It’s the time of year when crowds throng the the quads of Oxford colleges, programmes in hand, thermos flasks and sandwiches in carrier bags, to seek wit, wisdom entertainment and literary glamour among writers who have come to talk about their books (and promote sales) . The Oxford Literary Festival- or the Booksellers’ and Publishers Promotional Extravaganza- is sponsored by some newspaper or other and this year it’s the Financial Times.
The all important Marquee, with bookstalls and cafe, is pitched on gravel next to the Bodleian and the Sheldonian. The choice of reading matter and cakes is quite overwhelming and literary ladies are in a flap over the lemon drizzle or victoria sponge.
In past years I’ve quite enjoyed going to hour-long talks- with the inevitable boring questions- and even queued for book signings; but the naked commercialism is not very enticing and the scale of the fair is extraordinary. This morning Sue and I went to listen to Christopher Howse, a columnist at the Telegraph, speak about his new book, The Train in Spain subtitled Seven Spanish Songs. Howse is a Catholic with a straggly beard that reminded me of Simon Digby’s facial hair. He writes mostly about churchy matters and church architecture and is mildly amusing in his singularity. His old-fashioned hyperbolic language in fluty, fruity tones makes light of adventures in that damping-down English way, like a soft pedal all the way through Bach.
Howse has been journeying around Spain for years, travelling mainly by train in the more obscure interior with its harsh, desert landscape. Some years ago he shared a compartment with a gypsy woman and her son, who after consuming their sandwiches (“wrapped in foil paper and afterwards crumpled”) started to sing gypsy airs to amuse themselves. “It’s a bit like a soap opera”, Howse says of his Spanish obsession. “I keep going back to see what they’re up to.” We watched seven film clips of music he had encountered on his travels, in the most part undistinguished and lack-lustre.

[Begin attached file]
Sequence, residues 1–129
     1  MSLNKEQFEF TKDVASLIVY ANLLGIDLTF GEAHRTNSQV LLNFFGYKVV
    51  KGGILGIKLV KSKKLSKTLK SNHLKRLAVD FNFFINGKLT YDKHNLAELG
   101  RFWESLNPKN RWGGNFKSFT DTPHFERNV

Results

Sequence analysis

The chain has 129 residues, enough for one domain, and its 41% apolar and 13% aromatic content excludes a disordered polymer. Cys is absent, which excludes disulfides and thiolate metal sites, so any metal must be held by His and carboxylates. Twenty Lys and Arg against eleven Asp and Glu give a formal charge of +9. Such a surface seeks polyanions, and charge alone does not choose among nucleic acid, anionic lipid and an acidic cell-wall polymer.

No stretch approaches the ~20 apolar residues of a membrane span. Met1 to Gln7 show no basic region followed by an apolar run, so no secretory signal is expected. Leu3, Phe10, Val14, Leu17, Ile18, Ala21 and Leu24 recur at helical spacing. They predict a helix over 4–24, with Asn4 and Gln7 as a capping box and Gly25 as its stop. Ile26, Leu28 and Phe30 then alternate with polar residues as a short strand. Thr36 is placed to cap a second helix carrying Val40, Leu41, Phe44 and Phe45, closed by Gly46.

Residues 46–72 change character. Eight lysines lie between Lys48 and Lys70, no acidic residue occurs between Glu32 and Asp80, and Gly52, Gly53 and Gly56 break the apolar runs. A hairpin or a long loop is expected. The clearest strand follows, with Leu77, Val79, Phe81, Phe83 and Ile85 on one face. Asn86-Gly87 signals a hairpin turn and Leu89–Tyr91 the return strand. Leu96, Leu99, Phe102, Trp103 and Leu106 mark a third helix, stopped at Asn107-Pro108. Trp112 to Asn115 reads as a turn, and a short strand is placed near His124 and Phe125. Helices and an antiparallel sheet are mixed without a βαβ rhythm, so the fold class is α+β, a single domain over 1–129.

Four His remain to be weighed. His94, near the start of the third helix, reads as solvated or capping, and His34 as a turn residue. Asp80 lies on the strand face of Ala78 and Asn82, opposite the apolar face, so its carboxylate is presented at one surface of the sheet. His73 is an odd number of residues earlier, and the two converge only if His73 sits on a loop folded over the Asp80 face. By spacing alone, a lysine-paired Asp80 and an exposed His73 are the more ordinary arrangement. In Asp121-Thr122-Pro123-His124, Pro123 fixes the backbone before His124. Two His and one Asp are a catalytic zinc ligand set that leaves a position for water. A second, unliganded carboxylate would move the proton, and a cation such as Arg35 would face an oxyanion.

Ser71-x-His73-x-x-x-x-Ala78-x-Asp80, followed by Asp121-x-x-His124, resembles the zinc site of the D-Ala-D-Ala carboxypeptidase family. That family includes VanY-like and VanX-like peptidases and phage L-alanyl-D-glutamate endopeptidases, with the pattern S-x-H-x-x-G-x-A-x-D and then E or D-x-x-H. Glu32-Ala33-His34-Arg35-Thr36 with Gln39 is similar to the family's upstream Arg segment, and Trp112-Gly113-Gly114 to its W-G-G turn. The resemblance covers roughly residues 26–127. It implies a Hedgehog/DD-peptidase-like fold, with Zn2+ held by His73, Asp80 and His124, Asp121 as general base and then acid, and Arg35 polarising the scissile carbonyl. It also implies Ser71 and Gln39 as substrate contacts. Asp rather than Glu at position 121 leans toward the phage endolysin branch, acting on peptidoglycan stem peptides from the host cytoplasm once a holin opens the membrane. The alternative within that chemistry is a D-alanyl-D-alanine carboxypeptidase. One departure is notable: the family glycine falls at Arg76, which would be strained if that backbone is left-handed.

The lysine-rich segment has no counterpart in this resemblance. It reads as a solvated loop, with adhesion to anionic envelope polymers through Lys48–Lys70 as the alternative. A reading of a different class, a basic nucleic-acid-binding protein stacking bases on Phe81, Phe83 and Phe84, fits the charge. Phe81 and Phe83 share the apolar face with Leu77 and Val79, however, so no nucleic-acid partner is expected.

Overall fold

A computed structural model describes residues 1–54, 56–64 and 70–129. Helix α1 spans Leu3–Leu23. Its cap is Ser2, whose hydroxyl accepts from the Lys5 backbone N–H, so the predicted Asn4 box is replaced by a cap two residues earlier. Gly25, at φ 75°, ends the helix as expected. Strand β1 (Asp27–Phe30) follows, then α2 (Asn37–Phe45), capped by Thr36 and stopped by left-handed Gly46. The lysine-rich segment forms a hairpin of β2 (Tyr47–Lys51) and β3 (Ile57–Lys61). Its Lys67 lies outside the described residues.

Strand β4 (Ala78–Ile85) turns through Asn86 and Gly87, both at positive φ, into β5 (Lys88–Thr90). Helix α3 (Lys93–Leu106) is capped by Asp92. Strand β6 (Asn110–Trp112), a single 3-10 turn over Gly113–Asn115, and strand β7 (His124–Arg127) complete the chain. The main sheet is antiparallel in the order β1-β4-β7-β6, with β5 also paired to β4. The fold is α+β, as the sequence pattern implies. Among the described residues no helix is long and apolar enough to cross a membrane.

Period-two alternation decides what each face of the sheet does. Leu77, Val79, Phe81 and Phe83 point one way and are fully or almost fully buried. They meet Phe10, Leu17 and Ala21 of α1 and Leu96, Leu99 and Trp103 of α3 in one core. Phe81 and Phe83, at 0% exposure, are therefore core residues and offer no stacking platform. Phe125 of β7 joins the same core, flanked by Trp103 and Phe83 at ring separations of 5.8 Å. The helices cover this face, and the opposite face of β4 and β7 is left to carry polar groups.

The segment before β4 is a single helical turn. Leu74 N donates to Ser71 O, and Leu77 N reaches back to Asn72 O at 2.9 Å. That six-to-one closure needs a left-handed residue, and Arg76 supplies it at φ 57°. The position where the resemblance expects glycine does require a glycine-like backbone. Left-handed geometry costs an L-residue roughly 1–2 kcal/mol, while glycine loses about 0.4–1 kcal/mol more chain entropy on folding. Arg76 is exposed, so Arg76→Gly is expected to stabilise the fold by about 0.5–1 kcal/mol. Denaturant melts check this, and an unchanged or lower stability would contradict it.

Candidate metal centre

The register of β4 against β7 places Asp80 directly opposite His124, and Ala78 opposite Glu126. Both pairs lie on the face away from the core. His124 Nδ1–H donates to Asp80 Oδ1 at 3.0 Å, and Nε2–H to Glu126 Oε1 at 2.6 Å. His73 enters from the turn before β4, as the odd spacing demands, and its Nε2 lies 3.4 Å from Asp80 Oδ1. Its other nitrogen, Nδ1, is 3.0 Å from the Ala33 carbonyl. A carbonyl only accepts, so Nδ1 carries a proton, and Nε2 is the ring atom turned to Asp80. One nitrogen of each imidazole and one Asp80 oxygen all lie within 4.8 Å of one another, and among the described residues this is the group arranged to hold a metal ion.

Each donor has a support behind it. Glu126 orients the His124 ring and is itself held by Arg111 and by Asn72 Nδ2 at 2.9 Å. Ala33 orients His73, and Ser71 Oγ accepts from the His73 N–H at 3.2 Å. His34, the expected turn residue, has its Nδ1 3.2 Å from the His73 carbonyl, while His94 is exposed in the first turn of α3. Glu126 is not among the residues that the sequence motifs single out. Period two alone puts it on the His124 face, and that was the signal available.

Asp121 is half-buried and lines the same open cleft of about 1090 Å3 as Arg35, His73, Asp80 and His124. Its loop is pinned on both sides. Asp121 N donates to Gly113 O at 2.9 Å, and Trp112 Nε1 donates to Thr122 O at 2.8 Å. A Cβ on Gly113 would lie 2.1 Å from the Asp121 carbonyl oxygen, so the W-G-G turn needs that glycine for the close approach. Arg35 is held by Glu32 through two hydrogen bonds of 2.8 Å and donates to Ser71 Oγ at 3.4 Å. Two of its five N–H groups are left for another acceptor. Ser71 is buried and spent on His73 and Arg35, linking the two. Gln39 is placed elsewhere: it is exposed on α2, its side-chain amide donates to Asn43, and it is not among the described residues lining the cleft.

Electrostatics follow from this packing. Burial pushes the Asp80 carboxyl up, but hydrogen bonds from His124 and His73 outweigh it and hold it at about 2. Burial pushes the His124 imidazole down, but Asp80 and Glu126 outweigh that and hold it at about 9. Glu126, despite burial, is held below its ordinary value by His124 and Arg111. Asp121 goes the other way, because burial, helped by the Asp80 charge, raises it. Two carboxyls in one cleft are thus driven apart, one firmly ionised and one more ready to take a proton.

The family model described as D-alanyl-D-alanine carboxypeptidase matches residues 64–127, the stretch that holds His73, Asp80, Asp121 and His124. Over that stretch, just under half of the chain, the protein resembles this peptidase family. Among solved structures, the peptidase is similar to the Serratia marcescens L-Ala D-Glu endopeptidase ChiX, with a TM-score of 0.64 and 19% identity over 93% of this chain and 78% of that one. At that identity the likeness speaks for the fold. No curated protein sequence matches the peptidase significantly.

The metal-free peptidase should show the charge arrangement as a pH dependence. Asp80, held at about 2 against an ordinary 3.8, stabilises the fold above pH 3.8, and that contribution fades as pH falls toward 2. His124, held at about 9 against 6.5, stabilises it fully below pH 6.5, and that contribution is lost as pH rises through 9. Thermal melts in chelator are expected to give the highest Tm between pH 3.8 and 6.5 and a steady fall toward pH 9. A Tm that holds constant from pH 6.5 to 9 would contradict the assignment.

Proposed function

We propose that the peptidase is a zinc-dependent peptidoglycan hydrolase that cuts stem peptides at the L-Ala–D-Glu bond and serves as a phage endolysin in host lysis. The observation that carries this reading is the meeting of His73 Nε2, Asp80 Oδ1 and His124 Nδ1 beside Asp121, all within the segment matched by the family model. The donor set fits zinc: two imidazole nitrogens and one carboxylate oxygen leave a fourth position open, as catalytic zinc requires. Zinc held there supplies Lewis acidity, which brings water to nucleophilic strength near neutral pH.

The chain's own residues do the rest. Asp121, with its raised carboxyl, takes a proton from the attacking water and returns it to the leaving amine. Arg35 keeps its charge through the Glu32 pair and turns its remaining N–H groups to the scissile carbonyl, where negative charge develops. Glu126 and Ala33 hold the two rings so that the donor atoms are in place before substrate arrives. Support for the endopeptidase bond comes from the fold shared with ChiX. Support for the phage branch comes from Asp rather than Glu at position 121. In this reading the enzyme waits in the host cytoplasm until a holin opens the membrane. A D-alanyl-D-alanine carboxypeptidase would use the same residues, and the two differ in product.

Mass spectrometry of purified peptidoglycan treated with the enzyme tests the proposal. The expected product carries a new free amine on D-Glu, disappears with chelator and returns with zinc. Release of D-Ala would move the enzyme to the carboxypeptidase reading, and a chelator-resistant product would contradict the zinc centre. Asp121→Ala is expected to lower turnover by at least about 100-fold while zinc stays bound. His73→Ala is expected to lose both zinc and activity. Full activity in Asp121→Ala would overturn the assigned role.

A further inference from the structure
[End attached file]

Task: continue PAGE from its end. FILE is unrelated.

The first showed ‘ a baroque guitarist playing a 16th century Canarios (dance melody). The second was a typical Sunday sight in Barcelona, of ordinary Spaniards dancing the Sardana. When I lived in French Catalonia, the Cerdagne was regarded as a universal yawn- a slow, stately roundel that went on and on accompanied by mournful melodies. Howse’s film showed a more energetic version. He observed that Catalans and Basques wished to be like the Scots in their desire for autonomy. “How will that work?” wondered someone, “Oh, they’ll change the street signs and build an airport in the middle of nowhere.”
Howse is right. Catalonia is full of grand building projects and Spain has been left with a million houses, half built or abandoned due to the economic paralysis. But now we were listening to an old film clip, reminiscent of Bollywood bathos, of Alfredo Molina singing about exile: a doleful number which Howse thought was “absurdly” sung in a very peculiar style, but sounded like flamenco or fado with strong Arab undertones. After that he played Salve Regina, which is a staple of the Monastery in Montserrat see (my blog of June 2012: “Sacred Mountains”). Apparently Columbus’s sailors sang this sacred shanty on Saturday evenings and lo, on the Sunday they had come upon the New World.
The final piece of music was sung by a totally nondescript pop singer called Mann Chao, described by our Spanish traveller as “desperately streetwise.” Howse also slipped in “preposterous” somewhere in between and so we came to the end of a rather colourless and ineffectual festival talk which had cost £11, nearly the cost of his book. I was left wondering why on earth I’d chosen to voluntarily part with my cash.